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Learning, Matching and Aggregation

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Abstract

Fictitious play and "gradient" learning are examined in the context of a large population where agents are repeatedly randomly matched. We show that the aggregation of this learning behaviour can be qualitatively different from learning at the level of the individual. This aggregate dynamic belongs to the same class of simply defined dynamic as do several formulations of evolutionary dynamics. We obtain sufficient conditions for convergence and divergence which are valid for the whole class of dynamics. These results are therefore robust to most specifications of adaptive behaviour.

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  • Ed Hopkins, 1995. "Learning, Matching and Aggregation," ESE Discussion Papers 2, Edinburgh School of Economics, University of Edinburgh.
  • Handle: RePEc:edn:esedps:2
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    1. repec:spr:etbull:v:3:y:2015:i:1:d:10.1007_s40505-014-0062-4 is not listed on IDEAS
    2. Ed Hopkins, "undated". "Price Dispersion: An Evolutionary Approach," Discussion Papers 1996-3, Edinburgh School of Economics, University of Edinburgh.
    3. Fudenberg, Drew & Takahashi, Satoru, 2011. "Heterogeneous beliefs and local information in stochastic fictitious play," Games and Economic Behavior, Elsevier, vol. 71(1), pages 100-120, January.
    4. Hopkins, Ed, 1999. "A Note on Best Response Dynamics," Games and Economic Behavior, Elsevier, vol. 29(1-2), pages 138-150, October.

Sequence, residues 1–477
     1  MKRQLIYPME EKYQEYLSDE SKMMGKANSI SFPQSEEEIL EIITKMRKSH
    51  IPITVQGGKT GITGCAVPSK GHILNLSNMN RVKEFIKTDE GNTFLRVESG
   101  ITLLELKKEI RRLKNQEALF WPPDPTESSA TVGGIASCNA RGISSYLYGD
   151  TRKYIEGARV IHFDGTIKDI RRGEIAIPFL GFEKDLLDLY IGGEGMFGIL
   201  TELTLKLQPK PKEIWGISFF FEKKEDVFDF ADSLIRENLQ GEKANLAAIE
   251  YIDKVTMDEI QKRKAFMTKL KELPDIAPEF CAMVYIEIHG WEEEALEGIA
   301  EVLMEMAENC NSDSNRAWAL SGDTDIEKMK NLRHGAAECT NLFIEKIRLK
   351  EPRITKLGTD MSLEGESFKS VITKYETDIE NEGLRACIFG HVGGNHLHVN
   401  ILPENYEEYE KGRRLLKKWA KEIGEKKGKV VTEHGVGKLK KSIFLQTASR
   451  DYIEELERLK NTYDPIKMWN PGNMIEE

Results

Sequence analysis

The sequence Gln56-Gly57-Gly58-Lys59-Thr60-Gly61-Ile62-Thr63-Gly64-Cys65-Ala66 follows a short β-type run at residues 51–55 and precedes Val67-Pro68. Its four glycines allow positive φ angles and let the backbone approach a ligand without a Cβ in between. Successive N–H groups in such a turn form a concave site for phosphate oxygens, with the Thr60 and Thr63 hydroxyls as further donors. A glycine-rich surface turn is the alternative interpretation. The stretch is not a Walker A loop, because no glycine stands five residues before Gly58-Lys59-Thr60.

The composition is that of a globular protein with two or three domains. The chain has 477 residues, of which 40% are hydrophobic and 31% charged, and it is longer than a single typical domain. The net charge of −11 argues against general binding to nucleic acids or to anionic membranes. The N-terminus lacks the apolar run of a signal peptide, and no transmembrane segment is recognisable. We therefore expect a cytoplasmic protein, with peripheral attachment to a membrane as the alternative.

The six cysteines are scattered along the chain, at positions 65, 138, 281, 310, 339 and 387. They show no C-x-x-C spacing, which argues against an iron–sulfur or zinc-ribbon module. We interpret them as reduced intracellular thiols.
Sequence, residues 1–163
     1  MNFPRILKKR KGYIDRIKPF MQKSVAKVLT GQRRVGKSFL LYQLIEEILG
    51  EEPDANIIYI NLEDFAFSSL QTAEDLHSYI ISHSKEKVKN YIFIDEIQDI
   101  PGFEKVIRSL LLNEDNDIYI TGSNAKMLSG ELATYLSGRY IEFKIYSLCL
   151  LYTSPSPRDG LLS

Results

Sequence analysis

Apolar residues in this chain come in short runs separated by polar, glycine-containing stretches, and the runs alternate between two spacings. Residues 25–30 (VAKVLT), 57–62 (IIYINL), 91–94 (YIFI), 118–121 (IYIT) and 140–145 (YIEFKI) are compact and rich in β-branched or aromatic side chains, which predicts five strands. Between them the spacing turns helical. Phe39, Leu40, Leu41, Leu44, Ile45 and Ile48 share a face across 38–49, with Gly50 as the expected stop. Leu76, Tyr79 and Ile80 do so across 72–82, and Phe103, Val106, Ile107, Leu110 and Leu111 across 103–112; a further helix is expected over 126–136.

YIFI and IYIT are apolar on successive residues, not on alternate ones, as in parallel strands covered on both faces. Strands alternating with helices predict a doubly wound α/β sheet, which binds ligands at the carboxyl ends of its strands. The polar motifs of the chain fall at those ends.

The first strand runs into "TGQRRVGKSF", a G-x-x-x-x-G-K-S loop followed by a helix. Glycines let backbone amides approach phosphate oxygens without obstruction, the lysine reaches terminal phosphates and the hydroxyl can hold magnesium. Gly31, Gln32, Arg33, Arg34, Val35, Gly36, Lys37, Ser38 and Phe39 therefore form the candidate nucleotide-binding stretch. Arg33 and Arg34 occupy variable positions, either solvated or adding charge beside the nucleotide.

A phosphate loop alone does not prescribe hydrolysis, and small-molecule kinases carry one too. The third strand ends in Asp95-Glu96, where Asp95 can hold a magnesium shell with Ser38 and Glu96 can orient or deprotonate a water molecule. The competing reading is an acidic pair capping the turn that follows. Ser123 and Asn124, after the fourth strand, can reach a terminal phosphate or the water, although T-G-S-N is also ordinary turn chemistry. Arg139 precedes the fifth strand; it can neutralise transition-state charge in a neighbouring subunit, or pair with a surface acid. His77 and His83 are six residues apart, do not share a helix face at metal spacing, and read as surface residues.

5. Benaïm, Michel & Hofbauer, Josef & Hopkins, Ed, 2009. "Learning in games with unstable equilibria," Journal of Economic Theory, Elsevier, vol. 144(4), pages 1694-1709, July.
    6. Drew Fudenberg & David K Levine, 2006. "An Economists Perspective on Multi-Agent Learning," Levine's Working Paper Archive 784828000000000683, David K. Levine.
    7. Ed Hopkins & Robert M. Seymour, 2002. "The Stability of Price Dispersion under Seller and Consumer Learning," International Economic Review, Department of Economics, University of Pennsylvania and Osaka University Institute of Social and Economic Research Association, vol. 43(4), pages 1157-1190, November.
    8. Josephson, Jens, 2008. "A numerical analysis of the evolutionary stability of learning rules," Journal of Economic Dynamics and Control, Elsevier, vol. 32(5), pages 1569-1599, May.
    9. Ted To, 1999. "Risk and evolution," Economic Theory, Springer;Society for the Advancement of Economic Theory (SAET), vol. 13(2), pages 329-343.
    10. Sandholm, William H., 2015. "Population Games and Deterministic Evolutionary Dynamics," Handbook of Game Theory with Economic Applications, Elsevier.
    11. Ed Hopkins, 2002. "Adaptive Learning Models of Consumer Behaviour (first version)," ESE Discussion Papers 80, Edinburgh School of Economics, University of Edinburgh.
    12. Lahkar, Ratul & Seymour, Robert M., 2013. "Reinforcement learning in population games," Games and Economic Behavior, Elsevier, vol. 80(C), pages 10-38.
    13. Oyama, Daisuke, 2009. "Agglomeration under forward-looking expectations: Potentials and global stability," Regional Science and Urban Economics, Elsevier, vol. 39(6), pages 696-713, November.
    14. Ramsza, Michal & Seymour, Robert M., 2010. "Fictitious play in an evolutionary environment," Games and Economic Behavior, Elsevier, vol. 68(1), pages 303-324, January.
    15. Takatoshi Tabuchi & Dao-Zhi Zeng, 2004. "Stability of Spatial Equilibrium," Journal of Regional Science, Wiley Blackwell, vol. 44(4), pages 641-660.
    16. Fernando Lozano & Jaime Lozano & Mario García, 2007. "An artificial economy based on reinforcement learning and agent based modeling," DOCUMENTOS DE TRABAJO 003907, UNIVERSIDAD DEL ROSARIO.
    17. Yannick Viossat, 2015. "Evolutionary dynamics and dominated strategies," Economic Theory Bulletin, Springer;Society for the Advancement of Economic Theory (SAET), vol. 3(1), pages 91-113, April.

    More about this item

    Keywords

    games; fictitious play; reinforcement learning; evolution;

    JEL classification:

    • C72 - Mathematical and Quantitative Methods - - Game Theory and Bargaining Theory - - - Noncooperative Games
    • D83 - Microeconomics - - Information, Knowledge, and Uncertainty - - - Search; Learning; Information and Knowledge; Communication; Belief; Unawareness

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